By Roberta Smith in the New York Times.
Monday, December 26, 2011
By just about any measure, the Crystal Bridges Museum of American Art, which opened last month in this small town in northwest Arkansas (Bentonville), is off to a running start. The dream-come-true of Alice Walton, an heir to the Walmart fortune, it is characterized by people both inside and outside the museum as a work in progress, with plenty of room for improvement. But there it stands, a big, serious, confident, new institution with more than 50,000 square feet of gallery space and a collection worth hundreds of millions of dollars in a region almost devoid of art museums.
Much more than just a demonstration of what money can buy or an attempt to burnish a rich family’s name, Crystal Bridges is poised to make a genuine cultural contribution, and possibly to become a place of pilgrimage for art lovers from around the world.
It came into being in record time: it was only in May 2005 that Ms. Walton announced the selection of the Israeli-born Boston architect Moshe Safdie to design the museum and ruffled feathers along the Eastern Seaboard by buying a landmark of Hudson River School landscape painting, “Kindred Spirits,” by Asher B. Durand, from the New York Public Library for around $35 million. The purchase came early in an extended shopping spree that rattled nerves, aroused skepticism and stimulated the art market.
Today Crystal Bridges has a spacious and comfortable, if rather coarsely detailed, home set into a beautiful ravine carved by the Crystal Spring, from whence comes the name. (The land was once part of the Walton family property in Bentonville, where Ms. Walton’s father, Sam Walton, opened his first five-and-dime in 1951.) And it has a collection, spanning colonial times to the present, substantial enough to merit the use of the word “masterworks” in the title of its opening exhibition. This display of more than 400 paintings, sculptures and works on paper includes efforts by revered artists like Gilbert Stuart, Thomas Cole and Thomas Eakins and is especially outstanding in its holdings in early-20th-century Modernism, with wonderful clusters of paintings by Marsden Hartley and Stuart Davis and two fabulous canvases by Arthur Dove.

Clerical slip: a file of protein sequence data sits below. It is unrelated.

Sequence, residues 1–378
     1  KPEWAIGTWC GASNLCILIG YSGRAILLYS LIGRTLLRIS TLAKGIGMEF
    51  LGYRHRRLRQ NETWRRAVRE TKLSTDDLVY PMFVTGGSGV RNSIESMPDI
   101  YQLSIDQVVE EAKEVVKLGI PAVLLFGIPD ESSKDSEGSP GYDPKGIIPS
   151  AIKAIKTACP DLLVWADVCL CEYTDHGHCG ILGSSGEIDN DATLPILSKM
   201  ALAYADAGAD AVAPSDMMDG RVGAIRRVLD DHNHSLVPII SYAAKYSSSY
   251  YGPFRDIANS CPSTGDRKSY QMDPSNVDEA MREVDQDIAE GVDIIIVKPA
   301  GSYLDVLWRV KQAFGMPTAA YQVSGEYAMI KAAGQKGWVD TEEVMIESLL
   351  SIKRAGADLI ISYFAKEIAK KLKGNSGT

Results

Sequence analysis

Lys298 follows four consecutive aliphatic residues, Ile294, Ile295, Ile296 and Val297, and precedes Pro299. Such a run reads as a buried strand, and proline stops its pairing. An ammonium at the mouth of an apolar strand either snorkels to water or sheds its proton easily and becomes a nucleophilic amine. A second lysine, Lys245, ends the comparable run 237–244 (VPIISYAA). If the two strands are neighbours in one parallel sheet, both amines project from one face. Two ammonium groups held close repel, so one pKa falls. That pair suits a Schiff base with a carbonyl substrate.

It also has the beginning of a distinctive mission, which is to tie together American art and history and the immediate experience of nature in a compelling and accessible way, one that still keeps the art very much in the foreground.
This mission seems built into Mr. Safdie’s design, which consists of eight linked pavilions that border or span two large pools that are fed by the spring (and that unfortunately were empty and still being worked on when I visited this month). In a way that seems slightly confused, the arrangement evokes aspects of the Getty’s hilltop campus in Los Angeles, of Frank Lloyd Wright’s Fallingwater in western Pennsylvania and a fancy theme park, albeit one minus the rides.
But there is an undeniable brilliance to this physical dispersal; you are never far from the outdoors, never cocooned by a maze of galleries. Moving through the building becomes something of a tour of its remarkable setting.
Meanwhile, the art on view define the museum as foremost an exceptional if idiosyncratic picture gallery assembled by someone with a discerning and independent eye for paintings. The collection has an appealing aesthetic populism, which is to say that different paintings provide points of entry for different levels of sophistication, and their groupings offer the immediate means to sharpen that sophistication as you move from work to work.
In the first two pavilions, which take art up to about 1900, there are sentimental genre paintings, and splendid ones (Richard Caton Woodville’s 1848 “War News From Mexico”); facile Impressionist landscapes; and earlier works whose robust paint handling almost seem to presage Impressionism (John La Farge’s “Hollyhocks” from around 1864-65). And there are plenty of things that will stop just about anyone in his tracks: John Singleton Copley’s shimmering portrait of Mrs. Theodore Atkinson Jr.; a fiery autumn landscape by Thomas Moran; Francis Guy’s panoramic “Winter Scene in Brooklyn”; George Inness’s great and stormy “Sunset on the River”; an impressively large and varied group of works by the Luminist Martin Johnson Heade; John Singer Sargent’s enigmatic portrait of the writer Robert Louis Stevenson and his wife; and a glowing depiction of an Indian encampment, set in a semitropical forest bathed in yellow light, by George Catlin.